Latest Human genome Stories
New research led by the Karolinska Institutet, Sweden and the University of Glasgow, Scotland, has identified a link between a human gene and the composition of human gastrointestinal bacteria.
Researchers continuing the study of the human genome have mapped out four new regions that are associated with a painful and often dangerous condition (Behcet's disease) found in people with a lineage to ancestors along the Silk Road.
Genome sequencing is much more common than in the past. In a large part, this is attributable to advances in biotechnologies and computer software, however, there is still some question about both the accuracy of different sequencing methods and the best ways to evaluate these efforts.
A group of international researchers led by a team of investigators from the School of Medicine at the University of California, San Diego, recently revealed a new study that provides signals as to the causes of autism and other related disorders.
Researchers from the University College London recently revealed that they had identified over 200 genes for Crohn’s Disease, a chronic bowel condition.
When it's dark, and we start to fall asleep, most of us think we're tired because our bodies need rest. Yet circadian rhythms affect our bodies not just on a global scale, but at the level of individual organs, and even genes.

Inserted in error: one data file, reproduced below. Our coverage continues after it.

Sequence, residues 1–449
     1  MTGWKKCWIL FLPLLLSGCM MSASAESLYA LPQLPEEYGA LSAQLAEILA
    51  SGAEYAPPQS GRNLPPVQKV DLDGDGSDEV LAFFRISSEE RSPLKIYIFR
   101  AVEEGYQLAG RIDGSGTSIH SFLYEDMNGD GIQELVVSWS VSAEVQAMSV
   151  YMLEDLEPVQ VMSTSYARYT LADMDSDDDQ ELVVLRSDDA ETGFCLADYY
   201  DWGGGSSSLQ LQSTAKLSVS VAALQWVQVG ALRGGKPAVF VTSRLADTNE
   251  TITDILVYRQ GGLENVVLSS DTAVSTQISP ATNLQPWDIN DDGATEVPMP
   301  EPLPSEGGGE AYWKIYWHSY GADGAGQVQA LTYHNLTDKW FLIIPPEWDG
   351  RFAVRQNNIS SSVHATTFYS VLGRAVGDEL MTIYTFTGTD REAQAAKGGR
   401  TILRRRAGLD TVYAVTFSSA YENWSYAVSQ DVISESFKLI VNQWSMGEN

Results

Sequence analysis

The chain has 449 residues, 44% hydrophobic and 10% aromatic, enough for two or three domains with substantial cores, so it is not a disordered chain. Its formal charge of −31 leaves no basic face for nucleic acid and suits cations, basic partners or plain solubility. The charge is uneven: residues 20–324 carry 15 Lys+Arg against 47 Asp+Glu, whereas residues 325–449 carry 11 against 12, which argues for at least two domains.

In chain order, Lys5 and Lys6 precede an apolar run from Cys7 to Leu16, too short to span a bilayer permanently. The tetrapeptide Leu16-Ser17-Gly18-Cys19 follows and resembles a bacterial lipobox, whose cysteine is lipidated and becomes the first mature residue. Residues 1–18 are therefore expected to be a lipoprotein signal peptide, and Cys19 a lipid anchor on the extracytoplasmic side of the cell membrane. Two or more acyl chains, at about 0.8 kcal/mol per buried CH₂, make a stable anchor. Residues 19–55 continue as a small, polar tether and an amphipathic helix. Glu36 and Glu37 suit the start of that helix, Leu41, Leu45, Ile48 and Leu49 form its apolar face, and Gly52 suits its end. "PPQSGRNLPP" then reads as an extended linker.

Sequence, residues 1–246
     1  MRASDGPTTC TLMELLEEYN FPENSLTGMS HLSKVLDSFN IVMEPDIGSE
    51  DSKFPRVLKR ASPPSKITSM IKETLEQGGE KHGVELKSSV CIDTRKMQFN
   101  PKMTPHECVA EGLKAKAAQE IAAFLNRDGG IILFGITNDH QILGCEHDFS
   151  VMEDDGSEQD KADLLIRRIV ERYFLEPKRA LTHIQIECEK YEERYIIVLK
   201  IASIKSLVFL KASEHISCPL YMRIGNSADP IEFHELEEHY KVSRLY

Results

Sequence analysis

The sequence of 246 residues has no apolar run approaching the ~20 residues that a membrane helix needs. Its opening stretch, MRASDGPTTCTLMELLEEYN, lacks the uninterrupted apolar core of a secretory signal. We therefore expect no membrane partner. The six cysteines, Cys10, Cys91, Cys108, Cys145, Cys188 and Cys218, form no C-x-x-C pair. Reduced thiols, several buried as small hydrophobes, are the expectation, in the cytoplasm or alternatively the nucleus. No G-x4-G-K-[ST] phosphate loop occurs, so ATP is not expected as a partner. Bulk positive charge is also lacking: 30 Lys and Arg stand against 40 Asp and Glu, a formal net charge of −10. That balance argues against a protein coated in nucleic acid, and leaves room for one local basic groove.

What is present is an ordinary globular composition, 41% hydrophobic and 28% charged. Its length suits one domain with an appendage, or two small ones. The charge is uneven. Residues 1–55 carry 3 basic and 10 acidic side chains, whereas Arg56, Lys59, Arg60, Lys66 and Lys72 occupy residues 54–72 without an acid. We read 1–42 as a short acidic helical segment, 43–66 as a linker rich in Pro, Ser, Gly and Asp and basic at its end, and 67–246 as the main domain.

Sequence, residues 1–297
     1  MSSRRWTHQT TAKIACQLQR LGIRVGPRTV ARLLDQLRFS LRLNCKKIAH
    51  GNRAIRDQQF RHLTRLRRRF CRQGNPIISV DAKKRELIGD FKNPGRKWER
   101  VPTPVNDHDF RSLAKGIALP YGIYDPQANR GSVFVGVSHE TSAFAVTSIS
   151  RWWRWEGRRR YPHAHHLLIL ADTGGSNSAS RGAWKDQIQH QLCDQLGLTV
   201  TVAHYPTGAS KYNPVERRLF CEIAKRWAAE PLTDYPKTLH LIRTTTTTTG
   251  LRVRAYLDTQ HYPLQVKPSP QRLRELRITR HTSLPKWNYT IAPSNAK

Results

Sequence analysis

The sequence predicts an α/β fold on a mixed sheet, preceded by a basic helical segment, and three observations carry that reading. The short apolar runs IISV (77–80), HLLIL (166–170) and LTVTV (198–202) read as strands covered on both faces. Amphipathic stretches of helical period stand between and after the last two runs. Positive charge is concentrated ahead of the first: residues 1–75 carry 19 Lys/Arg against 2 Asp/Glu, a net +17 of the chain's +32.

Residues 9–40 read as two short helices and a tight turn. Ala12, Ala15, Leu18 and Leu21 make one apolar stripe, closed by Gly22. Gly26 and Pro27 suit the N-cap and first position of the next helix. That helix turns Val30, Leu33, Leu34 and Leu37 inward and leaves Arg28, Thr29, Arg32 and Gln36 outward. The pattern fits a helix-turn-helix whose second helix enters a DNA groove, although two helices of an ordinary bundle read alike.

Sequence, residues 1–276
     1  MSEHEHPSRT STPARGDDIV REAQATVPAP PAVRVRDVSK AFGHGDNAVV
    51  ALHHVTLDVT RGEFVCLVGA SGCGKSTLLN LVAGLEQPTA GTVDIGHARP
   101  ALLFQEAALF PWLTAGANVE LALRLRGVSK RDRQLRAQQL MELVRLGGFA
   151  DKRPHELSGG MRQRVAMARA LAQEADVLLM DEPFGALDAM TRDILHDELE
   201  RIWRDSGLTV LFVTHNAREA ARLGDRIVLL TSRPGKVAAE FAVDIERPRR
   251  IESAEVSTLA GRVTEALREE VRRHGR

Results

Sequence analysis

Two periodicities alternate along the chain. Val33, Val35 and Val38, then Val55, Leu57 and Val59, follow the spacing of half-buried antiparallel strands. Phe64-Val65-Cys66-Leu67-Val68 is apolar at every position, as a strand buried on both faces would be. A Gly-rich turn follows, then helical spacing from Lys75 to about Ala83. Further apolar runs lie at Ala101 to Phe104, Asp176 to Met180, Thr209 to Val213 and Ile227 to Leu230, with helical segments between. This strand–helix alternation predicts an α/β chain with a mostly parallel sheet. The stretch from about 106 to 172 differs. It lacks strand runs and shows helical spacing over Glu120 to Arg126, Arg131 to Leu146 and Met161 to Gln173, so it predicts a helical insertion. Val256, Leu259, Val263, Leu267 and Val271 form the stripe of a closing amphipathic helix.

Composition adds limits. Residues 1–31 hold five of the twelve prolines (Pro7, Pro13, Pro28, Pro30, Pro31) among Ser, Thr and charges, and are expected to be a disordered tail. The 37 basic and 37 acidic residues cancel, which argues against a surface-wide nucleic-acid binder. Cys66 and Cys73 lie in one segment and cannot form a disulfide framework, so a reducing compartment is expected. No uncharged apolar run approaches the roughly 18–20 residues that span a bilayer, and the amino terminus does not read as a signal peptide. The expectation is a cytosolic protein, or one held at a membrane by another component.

Perfection is something that all humans strive for at one time or another, be it scoring a perfect 100 on a test, making the perfect soufflé, having the perfect play in basketball, or even landing the perfect job. For others, perfection is a state of well-being—as in being perfectly healthy
The National Geographic unveiled the next phase of its Genographic Project, which aims to use DNA to map the history of human migration.
With wheat being so important to the survival of the human race, an internal group of scientists decided it was time to learn more about this important grain and set out to complete the first comprehensive analysis of wheat’s full genome.
- Pertaining to the surface or end opposite to the mouth in a radiate animal.